Pablo Picasso once said “every child is an artist” – and now, kids are being encouraged to “turn their kitchen table into their art studio”, while using their homes and the items in them as sources of creative inspiration.
Budding young artists should take cues* from 20th-century masters like Picasso and Georges Braque and use their imaginations to turn ordinary items – like cereal boxes, old magazines and shopping bags – into extraordinary works, the curator* of children’s programs at the National Gallery of Victoria, Kate Ryan, says.
Ms Ryan said Covid lockdowns had made children and families familiar with “being creative in the home” – and there was no reason not to continue this practice now life was a little more normal.
“Drawing, painting, playing and making are recognised by leading educators for inspiring confidence and cultivating* a sense of wellbeing in early learners,” she said.
“Making art, whether it be drawing on paper or building with blocks, (provides) children with opportunities for self-expression, discovering new ideas and collaborating* with others, while also developing critical thinking* and problem-solving skills.”
Ms Ryan said it was more important than ever for children to learn these skills because many jobs wanted people who were good at these things. So mastering these skills “will help set up today’s learners for their future success”.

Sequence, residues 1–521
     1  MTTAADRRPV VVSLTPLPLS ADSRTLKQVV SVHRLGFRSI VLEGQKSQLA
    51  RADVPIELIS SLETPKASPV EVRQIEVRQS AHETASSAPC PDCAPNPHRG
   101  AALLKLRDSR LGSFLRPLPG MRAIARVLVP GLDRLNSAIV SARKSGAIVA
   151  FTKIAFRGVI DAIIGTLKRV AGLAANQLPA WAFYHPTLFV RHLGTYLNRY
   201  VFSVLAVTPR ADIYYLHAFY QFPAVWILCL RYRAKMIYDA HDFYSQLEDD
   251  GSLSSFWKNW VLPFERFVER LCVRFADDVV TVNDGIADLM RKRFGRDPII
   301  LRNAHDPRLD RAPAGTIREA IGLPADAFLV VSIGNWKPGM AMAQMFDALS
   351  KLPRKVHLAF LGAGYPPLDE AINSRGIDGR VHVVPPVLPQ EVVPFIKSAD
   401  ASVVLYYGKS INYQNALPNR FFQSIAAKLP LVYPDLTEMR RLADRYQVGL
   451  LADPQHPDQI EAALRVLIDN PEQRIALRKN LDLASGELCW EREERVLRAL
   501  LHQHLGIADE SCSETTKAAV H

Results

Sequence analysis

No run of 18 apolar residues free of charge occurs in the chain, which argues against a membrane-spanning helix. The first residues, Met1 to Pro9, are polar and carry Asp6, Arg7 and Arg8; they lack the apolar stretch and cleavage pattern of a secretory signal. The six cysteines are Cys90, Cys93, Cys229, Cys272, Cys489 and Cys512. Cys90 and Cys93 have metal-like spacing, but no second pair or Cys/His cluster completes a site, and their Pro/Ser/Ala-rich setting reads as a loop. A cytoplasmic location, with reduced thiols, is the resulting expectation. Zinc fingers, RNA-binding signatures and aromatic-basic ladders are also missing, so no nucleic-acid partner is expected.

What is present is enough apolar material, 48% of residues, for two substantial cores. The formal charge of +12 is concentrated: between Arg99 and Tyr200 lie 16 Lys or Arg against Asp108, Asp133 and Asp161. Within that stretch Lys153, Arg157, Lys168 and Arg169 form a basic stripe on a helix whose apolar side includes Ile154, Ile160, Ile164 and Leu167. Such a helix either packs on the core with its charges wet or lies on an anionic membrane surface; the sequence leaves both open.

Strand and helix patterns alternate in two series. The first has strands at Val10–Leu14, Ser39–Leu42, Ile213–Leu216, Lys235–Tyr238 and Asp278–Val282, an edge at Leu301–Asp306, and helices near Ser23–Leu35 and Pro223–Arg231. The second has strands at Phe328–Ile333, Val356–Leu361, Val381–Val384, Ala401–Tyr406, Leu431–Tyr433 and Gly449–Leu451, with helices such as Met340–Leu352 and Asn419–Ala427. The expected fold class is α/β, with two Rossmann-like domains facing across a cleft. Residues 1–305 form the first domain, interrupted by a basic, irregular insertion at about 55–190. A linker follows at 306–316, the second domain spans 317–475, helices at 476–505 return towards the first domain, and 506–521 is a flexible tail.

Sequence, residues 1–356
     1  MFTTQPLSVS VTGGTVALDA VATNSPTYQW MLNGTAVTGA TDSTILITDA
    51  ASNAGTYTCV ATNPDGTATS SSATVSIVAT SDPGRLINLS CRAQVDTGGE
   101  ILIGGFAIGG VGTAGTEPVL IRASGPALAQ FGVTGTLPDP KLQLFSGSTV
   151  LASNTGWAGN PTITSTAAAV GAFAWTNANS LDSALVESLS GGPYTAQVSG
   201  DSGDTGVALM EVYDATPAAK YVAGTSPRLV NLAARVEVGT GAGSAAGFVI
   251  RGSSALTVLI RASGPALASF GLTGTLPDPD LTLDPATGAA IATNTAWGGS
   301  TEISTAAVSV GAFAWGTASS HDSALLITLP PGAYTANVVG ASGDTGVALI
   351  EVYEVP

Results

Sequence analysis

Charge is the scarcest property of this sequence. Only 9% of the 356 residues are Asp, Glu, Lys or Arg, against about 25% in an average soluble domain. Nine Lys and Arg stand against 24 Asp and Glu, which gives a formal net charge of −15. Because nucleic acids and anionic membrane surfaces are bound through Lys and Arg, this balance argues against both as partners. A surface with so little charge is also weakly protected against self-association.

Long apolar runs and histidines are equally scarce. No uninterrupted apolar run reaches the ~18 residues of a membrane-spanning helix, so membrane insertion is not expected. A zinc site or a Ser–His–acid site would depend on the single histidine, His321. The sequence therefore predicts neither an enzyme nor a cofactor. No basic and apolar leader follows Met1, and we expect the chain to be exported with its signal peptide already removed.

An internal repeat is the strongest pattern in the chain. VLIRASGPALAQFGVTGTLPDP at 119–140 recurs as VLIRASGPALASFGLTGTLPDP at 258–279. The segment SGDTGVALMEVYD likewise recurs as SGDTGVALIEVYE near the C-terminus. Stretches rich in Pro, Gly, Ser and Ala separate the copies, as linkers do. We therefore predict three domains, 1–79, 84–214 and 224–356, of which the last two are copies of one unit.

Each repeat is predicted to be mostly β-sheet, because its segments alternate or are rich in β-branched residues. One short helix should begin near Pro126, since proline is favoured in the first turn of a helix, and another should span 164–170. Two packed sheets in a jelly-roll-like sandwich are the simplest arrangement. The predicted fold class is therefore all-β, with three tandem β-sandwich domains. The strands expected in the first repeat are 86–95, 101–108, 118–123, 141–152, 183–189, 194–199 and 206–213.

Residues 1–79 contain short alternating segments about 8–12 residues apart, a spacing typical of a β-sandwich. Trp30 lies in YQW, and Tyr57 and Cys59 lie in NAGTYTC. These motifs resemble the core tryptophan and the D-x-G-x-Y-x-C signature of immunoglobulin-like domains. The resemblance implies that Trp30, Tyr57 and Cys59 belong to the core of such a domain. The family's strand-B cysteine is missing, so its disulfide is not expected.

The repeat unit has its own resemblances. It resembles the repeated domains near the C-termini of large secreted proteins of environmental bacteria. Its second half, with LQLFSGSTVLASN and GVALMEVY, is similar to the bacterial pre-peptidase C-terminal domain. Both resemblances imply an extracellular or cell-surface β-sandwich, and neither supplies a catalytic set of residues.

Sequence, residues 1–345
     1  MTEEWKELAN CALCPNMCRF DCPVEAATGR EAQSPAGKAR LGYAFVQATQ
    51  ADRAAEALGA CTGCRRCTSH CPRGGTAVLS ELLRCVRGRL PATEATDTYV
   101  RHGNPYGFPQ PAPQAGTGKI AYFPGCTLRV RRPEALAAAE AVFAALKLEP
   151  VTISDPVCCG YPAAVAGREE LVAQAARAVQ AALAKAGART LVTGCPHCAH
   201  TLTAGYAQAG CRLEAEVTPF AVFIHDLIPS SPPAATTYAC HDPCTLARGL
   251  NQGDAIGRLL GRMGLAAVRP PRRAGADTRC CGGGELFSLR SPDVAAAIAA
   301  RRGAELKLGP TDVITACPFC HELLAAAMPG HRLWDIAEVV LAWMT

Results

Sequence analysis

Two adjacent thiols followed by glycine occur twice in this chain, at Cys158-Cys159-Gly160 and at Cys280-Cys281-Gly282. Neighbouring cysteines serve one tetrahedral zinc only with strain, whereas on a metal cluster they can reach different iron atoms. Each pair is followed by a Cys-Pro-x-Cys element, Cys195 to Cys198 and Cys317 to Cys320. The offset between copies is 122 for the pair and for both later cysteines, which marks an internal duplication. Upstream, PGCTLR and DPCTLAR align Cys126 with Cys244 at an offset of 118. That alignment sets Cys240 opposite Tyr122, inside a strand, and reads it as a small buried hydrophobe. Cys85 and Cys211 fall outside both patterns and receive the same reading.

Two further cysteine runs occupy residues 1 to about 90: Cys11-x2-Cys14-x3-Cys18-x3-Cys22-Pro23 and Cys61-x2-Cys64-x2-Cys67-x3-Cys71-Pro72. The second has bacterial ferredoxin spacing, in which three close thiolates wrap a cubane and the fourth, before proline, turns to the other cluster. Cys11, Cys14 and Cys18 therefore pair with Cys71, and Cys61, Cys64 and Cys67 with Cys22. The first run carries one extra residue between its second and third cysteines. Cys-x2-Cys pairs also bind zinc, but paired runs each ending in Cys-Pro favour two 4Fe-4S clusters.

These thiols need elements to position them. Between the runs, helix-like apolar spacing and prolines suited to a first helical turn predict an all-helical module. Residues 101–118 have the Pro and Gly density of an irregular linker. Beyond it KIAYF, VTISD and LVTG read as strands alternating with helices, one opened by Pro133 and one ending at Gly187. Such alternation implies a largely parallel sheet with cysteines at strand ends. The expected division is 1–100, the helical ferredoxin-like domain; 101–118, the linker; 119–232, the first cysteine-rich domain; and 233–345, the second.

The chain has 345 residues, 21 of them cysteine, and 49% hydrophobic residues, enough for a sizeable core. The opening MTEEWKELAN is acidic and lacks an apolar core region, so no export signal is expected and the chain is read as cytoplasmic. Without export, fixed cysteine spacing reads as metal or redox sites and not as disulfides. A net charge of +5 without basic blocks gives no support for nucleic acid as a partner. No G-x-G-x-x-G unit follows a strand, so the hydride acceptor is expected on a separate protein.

Collage was a great place to start for any at-home artists, she said.
French artist Braque pioneered* the technique, alongside Picasso, creating one of the first collages in 1912, titled Fruit Dish and Glass, by pasting pieces of woodgrain wallpaper on to a charcoal drawing.
“Braque’s family had a house painting and decorating business, so he drew from this,” Ms Ryan said.
DOWNLOAD THESE COLLAGE PATTERNS
She said kids could create their own collages using materials like old shopping bags, wrapping paper, magazines and newspapers – as long as they checked with their parents first.
Some of Picasso’s works could also inspire at-home art, Ms Ryan said – in particular, the paper cutouts he made “from a very young age”.
“There is a wonderful story about Lump, the dog that ate a Picasso,” she said.
“When he found out this little dachshund who moved into their home had never encountered a rabbit, he cut out a cardboard rabbit from a cereal box and the little dog ran off with it and ate it in the backyard.
“Creating cutouts using recycled paper and cardboard, in the spirit of Picasso, is another great activity people can do at home.”
Ms Ryan also suggested a game favoured by surrealist* artists, gruesomely titled “Exquisite Corpse”.
One player draws a head at the top of a piece of paper and then folds the paper to hide it. The second player draws a body and folds the paper again, then a third person draws the legs.
“When the drawing is revealed, you get a surrealist image,” she said, noting players could also cut out body parts from magazines to play.
“The game becomes something you do as a family – and you can discover who the real artist is in the family.”